08/15/2012 6:46PM

Arlington Park notes: Million Day siblings quite different

Four-Footed Fotos
Crackerjack King, to start in the Arlington Million, is out of the same dam as Jakkalberry, who should be favored in the American St. Leger.

ARLINGTON HEIGHTS, Ill - Out on the Arlington main track for the first time Wednesday stepped the pair of Marco Botti-trained horses here for two Million Day races, Crackerjack King, who runs in the Million, and Jakkalberry, who should be favored in the American St. Leger.

Crackerjack King, who is 4, is by Shamardal, and Jakkalberry, 6, by Storming Home, but both horses were produced by the mare Claba di San Jore, making them half-brothers.

That's something one would never guess from looking at the pair. Jakkalberry is a large, robust bay horse, while Crackerjack King is smaller and gray. Clearly, each horse was stamped by its sire line more so than the mare. And the lack of family resemblance extends beyond mere appearance.

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"They're totally different in personality, too," said Keith Williams, a head traveling lad for Botti who travelled to Arlington from England with the pair.

Crackerjack King gets very territorial in his stall, Williams said: Get too close to his front end and he's liable to bite you, and stand too near his hind end and you may be kicked. Around the barn, Jakkalberry is the cool customer, but out on the track, the older horse has a greater tendency toward nerves than his 4-year-old sibling.

Both horses remained relatively calm during their first morning out of the quarantine barn. Crackerjack King was fitted with blinkers that had a hood to cover his ears, but that equipment is for training only, and not racing, Williams said.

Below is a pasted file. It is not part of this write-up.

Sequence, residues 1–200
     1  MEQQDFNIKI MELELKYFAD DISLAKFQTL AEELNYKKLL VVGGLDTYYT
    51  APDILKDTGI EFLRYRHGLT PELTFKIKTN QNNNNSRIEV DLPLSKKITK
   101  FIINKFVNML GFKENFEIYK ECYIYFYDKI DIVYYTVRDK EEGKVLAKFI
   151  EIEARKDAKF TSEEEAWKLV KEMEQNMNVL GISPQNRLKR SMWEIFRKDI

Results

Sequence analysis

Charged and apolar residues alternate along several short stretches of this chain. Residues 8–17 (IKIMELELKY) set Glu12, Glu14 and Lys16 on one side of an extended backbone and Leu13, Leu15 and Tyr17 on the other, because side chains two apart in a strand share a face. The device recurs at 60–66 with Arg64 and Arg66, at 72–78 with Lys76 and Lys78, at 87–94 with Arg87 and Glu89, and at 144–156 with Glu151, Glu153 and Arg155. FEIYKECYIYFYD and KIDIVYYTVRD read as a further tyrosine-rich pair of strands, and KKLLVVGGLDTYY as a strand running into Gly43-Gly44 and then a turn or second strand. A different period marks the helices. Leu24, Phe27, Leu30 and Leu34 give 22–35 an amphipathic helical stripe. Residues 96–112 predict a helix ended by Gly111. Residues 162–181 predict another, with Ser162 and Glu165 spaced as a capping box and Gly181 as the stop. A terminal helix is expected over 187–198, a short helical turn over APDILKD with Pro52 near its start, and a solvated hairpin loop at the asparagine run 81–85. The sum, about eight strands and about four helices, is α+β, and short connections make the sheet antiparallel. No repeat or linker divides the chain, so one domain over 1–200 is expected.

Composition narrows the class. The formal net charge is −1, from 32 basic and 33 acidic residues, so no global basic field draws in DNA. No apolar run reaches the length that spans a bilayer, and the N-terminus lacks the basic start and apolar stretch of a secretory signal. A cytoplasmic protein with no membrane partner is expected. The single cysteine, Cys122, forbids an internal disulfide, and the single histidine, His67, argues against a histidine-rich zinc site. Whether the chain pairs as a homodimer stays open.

Crackerjack King, who was transferred to Botti from his brother, Stefano Botti, when he came to England from Italy earlier this summer, has won 7 of his 9 starts, including a defeat of top-class Danedream in the 2011 Italian Derby. His two losses have come in his only races outside Italy, but soft going, rather than tougher competition, might have been to blame.

Jakkalberry, meanwhile, raced against the likes of Sea Moon and Dunaden in his most recent start, the Hardwicke Stakes at Ascot, and will be taking a significant step down in class in the $400,000 American St. Leger.

Duchossois has new look, old spirit

Arlington chairman Richard Duchossois is sporting brown-framed glasses, a noticeable change from years of wearing wire frames. What hasn't been altered is his impeccable style nor his tireless work ethic, as he was on the Arlington apron early Wednesday helping take care of prerace details alongside general manager Tony Petrillo.

"This is always a great time of year for us," said Duchossois.

Duchossois, 90, provided one of the greatest moments in the history of the International Festival of Racing two years ago as a horse owner when he descended from the grandstand to raucous cheers and heartfelt tears after his Eclaire de Lune won the Beverly D., the race named for his late wife.

- additional reporting by Marty McGee